Group Asks For More Specific SRI Guidlines
Commonwealth Group Asks For More Specific SRI Guidelines In Super Fund Bill
Investment management and financial services entity Commonwealth Group* has suggested to the Finance and Expenditure Select Committee that more specific guidelines on ethical or socially responsible investing (SRI) should be put in the New Zealand Superannuation Bill.
Representatives of the Group today appeared before the Select Committee to recommend more comprehensive wording for clause 58 (2) C, which instructs the Guardians - the Fund’s trustee board – on how they should invest the Fund.
The clause currently instructs the Guardians to manage the Fund so as not to damage New Zealand’s reputation as a good international citizen.
Michael Hill, Head of Business Management for Commonwealth Investment Management, and Mark Bytheway, C.E.O. of Sustainable Investment Research Institute Pty Ltd, suggested to the Select Committee that the legislation needed to be as clear as possible to assist the Guardians.
The Commonwealth Group recommended that the legislation should instruct the Guardians to develop sustainable economic, social and environmental outcomes from investments that would enhance New Zealand’s reputation.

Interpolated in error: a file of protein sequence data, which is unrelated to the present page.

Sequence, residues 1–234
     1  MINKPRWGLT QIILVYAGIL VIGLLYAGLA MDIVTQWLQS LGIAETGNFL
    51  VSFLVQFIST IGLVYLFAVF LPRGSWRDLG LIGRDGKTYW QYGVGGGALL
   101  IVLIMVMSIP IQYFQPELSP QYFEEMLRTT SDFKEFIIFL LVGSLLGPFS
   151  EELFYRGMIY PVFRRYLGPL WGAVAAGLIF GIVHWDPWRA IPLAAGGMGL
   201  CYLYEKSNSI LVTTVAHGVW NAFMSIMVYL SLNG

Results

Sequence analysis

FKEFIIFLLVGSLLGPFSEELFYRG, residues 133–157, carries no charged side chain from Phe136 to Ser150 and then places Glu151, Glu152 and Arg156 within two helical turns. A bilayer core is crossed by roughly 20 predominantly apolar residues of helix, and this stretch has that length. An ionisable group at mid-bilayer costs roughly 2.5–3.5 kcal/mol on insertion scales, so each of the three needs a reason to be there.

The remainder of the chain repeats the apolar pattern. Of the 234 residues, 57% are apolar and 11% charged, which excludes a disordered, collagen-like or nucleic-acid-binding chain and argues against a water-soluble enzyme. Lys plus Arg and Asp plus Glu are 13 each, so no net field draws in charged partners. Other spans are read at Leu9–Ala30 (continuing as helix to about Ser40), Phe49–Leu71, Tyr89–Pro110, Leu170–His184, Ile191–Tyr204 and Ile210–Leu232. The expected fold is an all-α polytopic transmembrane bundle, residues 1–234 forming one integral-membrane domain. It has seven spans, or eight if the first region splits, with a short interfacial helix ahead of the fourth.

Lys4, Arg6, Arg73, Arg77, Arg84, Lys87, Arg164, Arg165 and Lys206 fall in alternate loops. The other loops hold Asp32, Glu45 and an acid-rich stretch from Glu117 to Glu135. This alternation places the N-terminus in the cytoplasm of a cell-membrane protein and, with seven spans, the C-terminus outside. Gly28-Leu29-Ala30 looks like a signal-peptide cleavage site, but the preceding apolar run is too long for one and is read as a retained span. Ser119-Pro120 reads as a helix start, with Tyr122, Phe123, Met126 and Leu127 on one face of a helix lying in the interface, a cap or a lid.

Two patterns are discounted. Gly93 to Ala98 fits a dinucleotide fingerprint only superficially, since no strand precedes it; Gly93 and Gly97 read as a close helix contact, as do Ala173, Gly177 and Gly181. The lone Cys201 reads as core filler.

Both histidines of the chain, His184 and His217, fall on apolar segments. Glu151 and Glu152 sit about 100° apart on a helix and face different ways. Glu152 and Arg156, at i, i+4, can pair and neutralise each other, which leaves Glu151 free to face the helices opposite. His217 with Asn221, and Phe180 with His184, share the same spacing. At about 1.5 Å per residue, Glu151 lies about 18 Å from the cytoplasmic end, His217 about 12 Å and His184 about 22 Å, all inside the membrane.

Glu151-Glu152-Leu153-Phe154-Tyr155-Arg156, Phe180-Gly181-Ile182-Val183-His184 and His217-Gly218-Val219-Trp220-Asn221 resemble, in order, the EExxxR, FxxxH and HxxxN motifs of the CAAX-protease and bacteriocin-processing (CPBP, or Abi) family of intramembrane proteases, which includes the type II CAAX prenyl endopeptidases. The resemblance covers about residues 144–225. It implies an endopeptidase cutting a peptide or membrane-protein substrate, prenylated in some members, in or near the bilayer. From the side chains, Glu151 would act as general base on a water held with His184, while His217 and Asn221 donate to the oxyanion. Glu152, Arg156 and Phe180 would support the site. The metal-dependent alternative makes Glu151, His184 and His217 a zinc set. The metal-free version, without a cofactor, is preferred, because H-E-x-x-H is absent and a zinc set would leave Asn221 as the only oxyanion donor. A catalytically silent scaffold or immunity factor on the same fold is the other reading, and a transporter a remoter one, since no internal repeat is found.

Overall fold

The aim of the Group’s submission was to help the Government achieve its superannuation objectives by making the legislation as robust as possible.
The Commonwealth Group views SRI (which has evolved from ethical investing) as a permanent feature in the funds management industry.
Given the potential size of the Superannuation Fund, its approach to SRI is very likely to create a benchmark for the rest of the New Zealand investment market.
The Commonwealth Group’s investment managers include Colonial First State Investment Managers (NZ) Ltd, and Australian firms Commonwealth Investment Management and Tactical Global Management. Other New Zealand members of the Commonwealth Group are ASB Bank, Sovereign Ltd, and Jacques Martin New Zealand Ltd.
* The Commonwealth Bank of Australia (incorporated in Australia) and subsidiary companies.